Williams, J.R.G. (2008) Chances, counterfactuals and similarity. Philosophy and Phenomenological Research, 77 (2). pp. 385-420. ISSN 1933-1592
Available under licence : See the attached licence file.
John Hawthorne in a recent paper takes issue with Lewisian accounts of counterfactuals, when relevant laws of nature are chancy. I respond to his arguments on behalf of the Lewisian, and conclude that while some can be rebutted, the case against the original Lewisian account is strong. I develop a neo-Lewisian account of what makes for closeness of worlds. I argue that my revised version avoids Hawthorne’s challenges. I argue that this is closer to the spirit of Lewis’s first (non-chancy) proposal than is Lewis’s own suggested modification.
|Copyright, Publisher and Additional Information:||© 2008 International Phenomenological Society. This is an author produced version of a paper accepted for publication in Philosophy and Phenomenological Research.|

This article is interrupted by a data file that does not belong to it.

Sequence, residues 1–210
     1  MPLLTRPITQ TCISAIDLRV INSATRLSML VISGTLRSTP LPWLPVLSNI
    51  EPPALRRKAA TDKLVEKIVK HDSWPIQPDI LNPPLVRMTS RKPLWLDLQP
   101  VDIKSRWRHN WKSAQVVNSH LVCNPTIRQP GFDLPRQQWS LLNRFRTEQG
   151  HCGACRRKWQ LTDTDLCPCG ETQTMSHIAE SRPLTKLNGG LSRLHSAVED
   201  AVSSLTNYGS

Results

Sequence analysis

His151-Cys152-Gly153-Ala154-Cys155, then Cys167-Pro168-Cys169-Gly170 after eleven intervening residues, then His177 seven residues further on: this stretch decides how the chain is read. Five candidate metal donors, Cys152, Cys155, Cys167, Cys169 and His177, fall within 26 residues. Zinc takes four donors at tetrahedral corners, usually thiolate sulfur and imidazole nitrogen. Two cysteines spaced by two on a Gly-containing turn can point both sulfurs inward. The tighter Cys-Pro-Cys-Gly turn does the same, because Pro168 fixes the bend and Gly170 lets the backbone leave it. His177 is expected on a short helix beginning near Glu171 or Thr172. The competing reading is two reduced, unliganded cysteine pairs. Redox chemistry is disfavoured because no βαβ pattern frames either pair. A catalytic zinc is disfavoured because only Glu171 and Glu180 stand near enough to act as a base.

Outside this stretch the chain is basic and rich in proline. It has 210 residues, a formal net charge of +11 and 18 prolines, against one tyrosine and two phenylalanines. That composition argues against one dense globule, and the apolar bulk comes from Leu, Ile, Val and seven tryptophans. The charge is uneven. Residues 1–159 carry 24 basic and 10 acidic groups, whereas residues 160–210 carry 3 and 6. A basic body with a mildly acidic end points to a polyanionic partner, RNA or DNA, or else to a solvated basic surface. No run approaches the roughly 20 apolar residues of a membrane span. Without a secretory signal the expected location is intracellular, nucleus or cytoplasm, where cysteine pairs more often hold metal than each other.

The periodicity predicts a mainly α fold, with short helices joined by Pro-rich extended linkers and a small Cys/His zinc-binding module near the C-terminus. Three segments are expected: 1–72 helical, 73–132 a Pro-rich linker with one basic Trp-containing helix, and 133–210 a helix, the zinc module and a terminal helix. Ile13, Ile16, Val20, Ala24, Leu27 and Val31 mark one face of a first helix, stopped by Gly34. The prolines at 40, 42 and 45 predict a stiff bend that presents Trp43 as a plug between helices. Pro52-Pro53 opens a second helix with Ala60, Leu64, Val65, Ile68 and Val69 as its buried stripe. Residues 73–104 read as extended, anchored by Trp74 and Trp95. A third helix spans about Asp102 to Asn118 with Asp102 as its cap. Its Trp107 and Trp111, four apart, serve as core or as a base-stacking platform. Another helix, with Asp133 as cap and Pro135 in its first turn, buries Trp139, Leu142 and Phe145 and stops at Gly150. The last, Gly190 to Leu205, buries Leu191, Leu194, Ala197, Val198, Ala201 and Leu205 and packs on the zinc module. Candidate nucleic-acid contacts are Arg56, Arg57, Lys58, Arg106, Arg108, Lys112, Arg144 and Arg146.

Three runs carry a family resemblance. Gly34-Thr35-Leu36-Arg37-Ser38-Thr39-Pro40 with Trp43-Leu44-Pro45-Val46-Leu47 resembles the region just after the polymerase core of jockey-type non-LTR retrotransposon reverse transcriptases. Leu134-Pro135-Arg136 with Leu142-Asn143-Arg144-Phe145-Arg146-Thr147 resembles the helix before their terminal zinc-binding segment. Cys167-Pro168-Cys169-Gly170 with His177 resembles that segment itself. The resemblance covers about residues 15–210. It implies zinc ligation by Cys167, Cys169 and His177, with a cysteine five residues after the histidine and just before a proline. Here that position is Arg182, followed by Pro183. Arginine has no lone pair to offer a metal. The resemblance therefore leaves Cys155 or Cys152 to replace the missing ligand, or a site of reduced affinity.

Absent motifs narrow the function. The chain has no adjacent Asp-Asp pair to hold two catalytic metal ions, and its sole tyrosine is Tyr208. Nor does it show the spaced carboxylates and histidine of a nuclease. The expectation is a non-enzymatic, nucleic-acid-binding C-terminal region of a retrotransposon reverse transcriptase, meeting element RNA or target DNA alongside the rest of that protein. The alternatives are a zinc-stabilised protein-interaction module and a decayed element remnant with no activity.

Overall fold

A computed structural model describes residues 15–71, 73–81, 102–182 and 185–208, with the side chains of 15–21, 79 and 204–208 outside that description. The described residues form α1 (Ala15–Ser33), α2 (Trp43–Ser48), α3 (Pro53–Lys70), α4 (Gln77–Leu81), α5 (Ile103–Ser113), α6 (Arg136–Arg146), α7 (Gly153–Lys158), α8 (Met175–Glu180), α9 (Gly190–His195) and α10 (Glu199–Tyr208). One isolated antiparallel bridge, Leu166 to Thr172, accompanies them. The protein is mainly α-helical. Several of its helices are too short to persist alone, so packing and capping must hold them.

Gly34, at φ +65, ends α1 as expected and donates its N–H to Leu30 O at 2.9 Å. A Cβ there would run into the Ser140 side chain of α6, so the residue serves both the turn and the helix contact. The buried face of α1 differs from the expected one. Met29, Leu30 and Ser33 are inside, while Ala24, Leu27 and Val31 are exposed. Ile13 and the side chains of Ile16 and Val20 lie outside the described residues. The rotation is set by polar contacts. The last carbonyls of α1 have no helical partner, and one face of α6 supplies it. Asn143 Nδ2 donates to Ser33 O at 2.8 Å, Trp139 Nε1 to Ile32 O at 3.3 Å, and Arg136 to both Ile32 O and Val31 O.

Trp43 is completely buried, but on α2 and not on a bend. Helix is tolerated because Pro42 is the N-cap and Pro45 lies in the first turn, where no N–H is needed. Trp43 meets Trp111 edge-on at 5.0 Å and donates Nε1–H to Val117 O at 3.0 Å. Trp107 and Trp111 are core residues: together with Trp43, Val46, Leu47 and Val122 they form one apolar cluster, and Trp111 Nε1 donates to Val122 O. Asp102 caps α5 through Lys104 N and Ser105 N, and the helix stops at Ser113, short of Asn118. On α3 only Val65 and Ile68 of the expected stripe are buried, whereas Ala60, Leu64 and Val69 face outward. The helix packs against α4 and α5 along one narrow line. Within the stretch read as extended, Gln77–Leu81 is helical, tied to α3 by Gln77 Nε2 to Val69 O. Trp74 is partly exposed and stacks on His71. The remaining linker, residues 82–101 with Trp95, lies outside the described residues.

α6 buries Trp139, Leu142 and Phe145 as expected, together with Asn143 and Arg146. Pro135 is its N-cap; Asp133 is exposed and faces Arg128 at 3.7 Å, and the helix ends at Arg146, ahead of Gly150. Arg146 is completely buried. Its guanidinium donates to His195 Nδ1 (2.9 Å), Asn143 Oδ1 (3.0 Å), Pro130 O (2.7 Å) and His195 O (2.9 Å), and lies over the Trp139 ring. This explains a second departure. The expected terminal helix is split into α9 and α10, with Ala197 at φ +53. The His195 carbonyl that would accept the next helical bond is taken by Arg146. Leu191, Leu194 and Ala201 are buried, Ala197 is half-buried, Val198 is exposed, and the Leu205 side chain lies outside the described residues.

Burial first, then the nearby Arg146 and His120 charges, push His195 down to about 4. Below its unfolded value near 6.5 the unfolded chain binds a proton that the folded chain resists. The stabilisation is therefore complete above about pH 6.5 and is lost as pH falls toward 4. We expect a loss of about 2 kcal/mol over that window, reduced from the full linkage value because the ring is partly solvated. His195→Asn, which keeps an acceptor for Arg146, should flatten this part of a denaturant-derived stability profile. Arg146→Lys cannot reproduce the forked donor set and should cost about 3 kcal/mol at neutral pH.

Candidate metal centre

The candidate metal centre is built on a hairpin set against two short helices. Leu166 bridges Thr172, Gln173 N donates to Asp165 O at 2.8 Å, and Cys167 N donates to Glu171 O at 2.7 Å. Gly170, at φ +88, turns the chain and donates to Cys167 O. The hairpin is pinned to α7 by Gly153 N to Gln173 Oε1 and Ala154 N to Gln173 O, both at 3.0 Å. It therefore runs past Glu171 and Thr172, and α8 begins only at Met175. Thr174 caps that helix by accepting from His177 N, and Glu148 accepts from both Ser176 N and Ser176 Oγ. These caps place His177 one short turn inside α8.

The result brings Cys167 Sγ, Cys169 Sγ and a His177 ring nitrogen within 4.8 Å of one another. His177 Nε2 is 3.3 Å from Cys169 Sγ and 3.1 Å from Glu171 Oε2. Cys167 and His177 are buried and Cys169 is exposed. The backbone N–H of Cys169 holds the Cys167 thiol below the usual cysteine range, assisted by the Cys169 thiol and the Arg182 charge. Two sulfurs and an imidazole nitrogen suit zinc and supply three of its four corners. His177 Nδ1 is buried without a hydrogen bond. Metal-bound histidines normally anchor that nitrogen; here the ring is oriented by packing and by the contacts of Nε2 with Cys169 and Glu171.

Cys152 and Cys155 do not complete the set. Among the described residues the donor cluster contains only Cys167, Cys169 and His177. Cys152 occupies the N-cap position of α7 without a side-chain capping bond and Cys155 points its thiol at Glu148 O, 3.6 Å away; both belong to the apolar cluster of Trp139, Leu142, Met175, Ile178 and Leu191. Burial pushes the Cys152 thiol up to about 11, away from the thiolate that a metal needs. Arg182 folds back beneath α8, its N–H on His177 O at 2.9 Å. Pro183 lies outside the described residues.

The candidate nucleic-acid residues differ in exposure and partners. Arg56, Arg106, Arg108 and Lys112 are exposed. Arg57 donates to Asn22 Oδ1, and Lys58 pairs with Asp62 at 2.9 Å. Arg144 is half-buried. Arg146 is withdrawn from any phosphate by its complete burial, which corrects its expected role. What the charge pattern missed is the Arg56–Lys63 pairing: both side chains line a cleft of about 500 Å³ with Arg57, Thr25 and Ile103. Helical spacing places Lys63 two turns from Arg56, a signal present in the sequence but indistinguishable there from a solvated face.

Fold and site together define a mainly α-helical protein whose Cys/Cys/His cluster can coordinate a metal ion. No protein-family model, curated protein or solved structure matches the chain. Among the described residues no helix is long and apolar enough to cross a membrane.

|Institution:||The University of Leeds|
|Academic Units:||The University of Leeds > Faculty of Arts (Leeds) > School of Humanities (Leeds) > School of Philosophy (Leeds)
The University of Leeds > Faculty of Arts (Leeds) > School of Philosophy, Religion and History of Science (Leeds) > School of Philosophy (Leeds)
|Depositing User:||Leeds Philosophy Department|
|Date Deposited:||02 Nov 2007 18:38|
|Last Modified:||08 Feb 2013 17:05|
|Publisher:||International Phenomenological Society|